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Paula Broadwell says she has remorse

Charlotte's Paula Broadwell says she has “remorse” for her role in the scandal that brought down CIA director Petraeus.

“I have remorse for the harm that this has caused, my family, and other families, said Broadwell said in an interview with WSOC. Broadwell, who was writing a biography of Petraeus, had an affair with the former Army commander which lead to his resignation when it became public.

Both Broadwell and Petraeus are married.

“I am very blessed,” Broadwell said. “Blessed with an awesome family, a wonderful community that's been a great part of my rehabilitation, if you will. Even when you've made mistakes in life, you can still contribute and pick up stuff and move on.''

She said the scandal was a “devastating period” for her family and they are still healing.

Senator Paula Broadwell? Petraeus mistress considered a run in NC

Time Magazine reports that Paula Broadwell, the Charlotte woman at the center of controversy for an apparent relationship with Gen. David Petraeus, was mulling a Senate run in North Carolina.

Hagan: Petraeus the right person

U.S. Sen. Kay Hagan, a member of the Senate Armed Services committee, had a brief appearance this morning on Fox & Friends.

She told viewers that Gen. David Petraeus was the right person to replace Gen. Stanley McChrystal as commander of forces in Afghanistan, Barb Barrett reports. Petraeus will go before the Armed Services committee for his confirmation hearing.

Hagan, a Greensboro Democrat, was asked whether she would demand other changes besides McChrystal.

“(Petraeus) has got to establish everybody being on one page so we can have success in Afghanistan,” Hagan said. “We are very committed to him, and I know that if you look at his success in Iraq, he understands that everybody needs to be on the same playing field in order to achieve that success.”

Asked whether Hagan would agree with some experts that July 2011 isn’t a realistic pullout date, she said Congress needs to get Petraeus confirmed and allow a surge of 30,000 additional troops to become fully engaged, which she said will happen at the end of the summer.

“The July 2011 date is really to be discussed and looked at, at the conditions on the ground at that time,” she said. “And we’re going to turn over the security relationship to the Afghanis, to the local security forces as well as the Afghan national security forces.”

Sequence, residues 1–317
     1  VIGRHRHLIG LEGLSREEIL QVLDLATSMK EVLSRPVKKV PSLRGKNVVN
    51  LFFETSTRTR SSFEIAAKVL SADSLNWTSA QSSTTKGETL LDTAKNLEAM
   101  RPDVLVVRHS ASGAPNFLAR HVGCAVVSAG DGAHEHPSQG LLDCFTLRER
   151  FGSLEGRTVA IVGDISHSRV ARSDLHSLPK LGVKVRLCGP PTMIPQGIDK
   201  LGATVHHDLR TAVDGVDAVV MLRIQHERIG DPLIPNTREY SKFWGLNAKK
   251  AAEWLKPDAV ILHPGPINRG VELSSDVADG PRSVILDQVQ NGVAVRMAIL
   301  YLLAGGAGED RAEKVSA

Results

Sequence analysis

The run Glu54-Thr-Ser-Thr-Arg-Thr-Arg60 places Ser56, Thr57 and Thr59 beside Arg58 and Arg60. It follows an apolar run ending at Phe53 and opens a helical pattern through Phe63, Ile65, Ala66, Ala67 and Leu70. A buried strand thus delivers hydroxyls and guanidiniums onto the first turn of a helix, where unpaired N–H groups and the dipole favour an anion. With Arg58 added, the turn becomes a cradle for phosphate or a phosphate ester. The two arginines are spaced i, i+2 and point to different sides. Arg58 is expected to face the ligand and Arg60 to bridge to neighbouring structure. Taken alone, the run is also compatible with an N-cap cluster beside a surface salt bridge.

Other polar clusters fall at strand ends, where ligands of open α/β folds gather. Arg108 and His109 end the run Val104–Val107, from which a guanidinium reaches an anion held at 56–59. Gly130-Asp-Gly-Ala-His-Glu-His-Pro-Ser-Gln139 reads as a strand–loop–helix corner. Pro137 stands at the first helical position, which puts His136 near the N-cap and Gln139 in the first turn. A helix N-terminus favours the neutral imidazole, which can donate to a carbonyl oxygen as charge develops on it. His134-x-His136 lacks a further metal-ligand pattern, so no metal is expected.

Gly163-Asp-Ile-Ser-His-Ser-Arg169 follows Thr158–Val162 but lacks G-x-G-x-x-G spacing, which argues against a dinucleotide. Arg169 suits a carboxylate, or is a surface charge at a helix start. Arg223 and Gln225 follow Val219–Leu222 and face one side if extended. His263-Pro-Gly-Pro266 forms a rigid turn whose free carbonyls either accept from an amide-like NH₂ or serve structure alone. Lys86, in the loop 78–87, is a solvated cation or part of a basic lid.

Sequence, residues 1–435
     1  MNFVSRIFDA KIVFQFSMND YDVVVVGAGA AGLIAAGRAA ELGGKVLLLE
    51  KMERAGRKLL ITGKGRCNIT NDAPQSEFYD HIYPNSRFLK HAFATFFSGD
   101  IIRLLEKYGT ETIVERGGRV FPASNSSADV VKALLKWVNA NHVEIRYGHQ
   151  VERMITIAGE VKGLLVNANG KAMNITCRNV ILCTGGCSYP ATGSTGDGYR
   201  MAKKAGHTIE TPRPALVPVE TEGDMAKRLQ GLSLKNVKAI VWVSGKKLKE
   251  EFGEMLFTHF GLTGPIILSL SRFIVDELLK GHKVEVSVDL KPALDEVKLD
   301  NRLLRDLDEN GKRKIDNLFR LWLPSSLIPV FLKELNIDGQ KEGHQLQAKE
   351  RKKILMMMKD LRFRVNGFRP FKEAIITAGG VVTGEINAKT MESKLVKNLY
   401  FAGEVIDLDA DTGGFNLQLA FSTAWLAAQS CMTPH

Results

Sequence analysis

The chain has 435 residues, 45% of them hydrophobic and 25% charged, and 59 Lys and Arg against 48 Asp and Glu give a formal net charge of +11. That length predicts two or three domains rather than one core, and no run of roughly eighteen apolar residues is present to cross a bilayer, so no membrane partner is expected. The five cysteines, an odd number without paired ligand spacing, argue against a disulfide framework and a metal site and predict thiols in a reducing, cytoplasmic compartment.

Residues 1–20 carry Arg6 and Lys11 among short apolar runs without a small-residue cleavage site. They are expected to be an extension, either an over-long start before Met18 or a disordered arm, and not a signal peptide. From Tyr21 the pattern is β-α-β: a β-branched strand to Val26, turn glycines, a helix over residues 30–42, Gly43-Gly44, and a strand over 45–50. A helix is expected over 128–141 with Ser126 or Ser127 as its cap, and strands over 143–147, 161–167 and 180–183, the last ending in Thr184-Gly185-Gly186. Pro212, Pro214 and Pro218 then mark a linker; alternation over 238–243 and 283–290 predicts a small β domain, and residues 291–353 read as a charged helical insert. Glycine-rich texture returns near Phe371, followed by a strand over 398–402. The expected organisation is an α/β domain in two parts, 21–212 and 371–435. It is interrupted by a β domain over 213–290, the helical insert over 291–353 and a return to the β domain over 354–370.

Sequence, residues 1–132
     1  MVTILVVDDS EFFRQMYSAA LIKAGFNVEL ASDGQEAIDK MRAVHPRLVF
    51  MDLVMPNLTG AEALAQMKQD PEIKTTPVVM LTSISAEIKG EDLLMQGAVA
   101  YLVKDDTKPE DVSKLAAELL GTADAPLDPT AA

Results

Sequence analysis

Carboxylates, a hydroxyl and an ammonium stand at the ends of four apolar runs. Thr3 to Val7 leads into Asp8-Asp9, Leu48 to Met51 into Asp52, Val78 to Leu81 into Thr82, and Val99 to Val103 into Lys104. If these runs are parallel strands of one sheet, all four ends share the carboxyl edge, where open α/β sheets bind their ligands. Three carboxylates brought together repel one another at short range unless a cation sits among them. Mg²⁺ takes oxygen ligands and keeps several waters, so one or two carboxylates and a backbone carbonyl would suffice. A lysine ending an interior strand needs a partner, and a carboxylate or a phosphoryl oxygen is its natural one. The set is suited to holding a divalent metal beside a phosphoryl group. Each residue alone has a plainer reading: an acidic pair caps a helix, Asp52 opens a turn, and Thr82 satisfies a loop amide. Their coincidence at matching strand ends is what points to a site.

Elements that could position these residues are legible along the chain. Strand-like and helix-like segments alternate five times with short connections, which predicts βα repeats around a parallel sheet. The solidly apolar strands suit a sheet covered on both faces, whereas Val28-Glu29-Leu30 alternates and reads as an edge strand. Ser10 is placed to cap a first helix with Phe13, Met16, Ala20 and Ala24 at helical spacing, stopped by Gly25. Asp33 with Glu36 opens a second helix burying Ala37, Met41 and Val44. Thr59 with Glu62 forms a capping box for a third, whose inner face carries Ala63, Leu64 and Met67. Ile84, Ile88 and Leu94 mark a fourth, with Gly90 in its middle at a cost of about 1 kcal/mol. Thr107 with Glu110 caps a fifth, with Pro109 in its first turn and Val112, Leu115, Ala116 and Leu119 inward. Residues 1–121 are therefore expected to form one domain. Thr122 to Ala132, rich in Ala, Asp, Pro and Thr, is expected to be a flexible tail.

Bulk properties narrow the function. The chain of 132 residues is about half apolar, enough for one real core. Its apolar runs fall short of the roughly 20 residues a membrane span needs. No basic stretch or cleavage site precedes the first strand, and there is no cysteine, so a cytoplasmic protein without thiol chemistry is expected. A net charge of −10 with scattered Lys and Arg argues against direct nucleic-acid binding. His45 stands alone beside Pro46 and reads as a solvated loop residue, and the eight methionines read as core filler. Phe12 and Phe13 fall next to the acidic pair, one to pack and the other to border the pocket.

Dole: Asking tough questions on Iraq

U.S. Sen. Elizabeth Dole's campaign says she is asking the tough questions.

In response to criticism from Sen. Claire McCaskill, a Missouri Democrat, Dole spokesman Hogan Gidley said that she has "not been shy" about pressing for answers about "the mistakes in Iraq."

"Senator Dole has introduced legislation that would insist the financial responsibility of this war be shifted to the Iraqi government, and she joined a bipartisan effort to ask for more frequent and more detailed war reports from General [David] Petraeus," he wrote in an e-mail to Dome.

He also argued that Democratic opponent Kay Hagan has not taken a consistent position on Iraq since entering the race for U.S. Senate.

"Rather than doing Kay Hagan's dirty work with negative attacks, Senator McCaskill's time would be better spent on coaching Mrs. Hagan who clearly needs a tutorial on the subject," he wrote. 

Dole and Clinton agree on Iraq

U.S. Sens. Elizabeth Dole and Hillary Rodham Clinton are in agreement that Iraq should start paying for its own reconstruction.

Dole, a Salisbury Republican, joined Clinton and eight other colleagues today in saying they want the beleagued nation to get some new United States tax dollars in the form of a loan -- not a grant.

They also called on Iraq to pay for some of the American military's needs, including its fuel costs, reports Barb Barrett.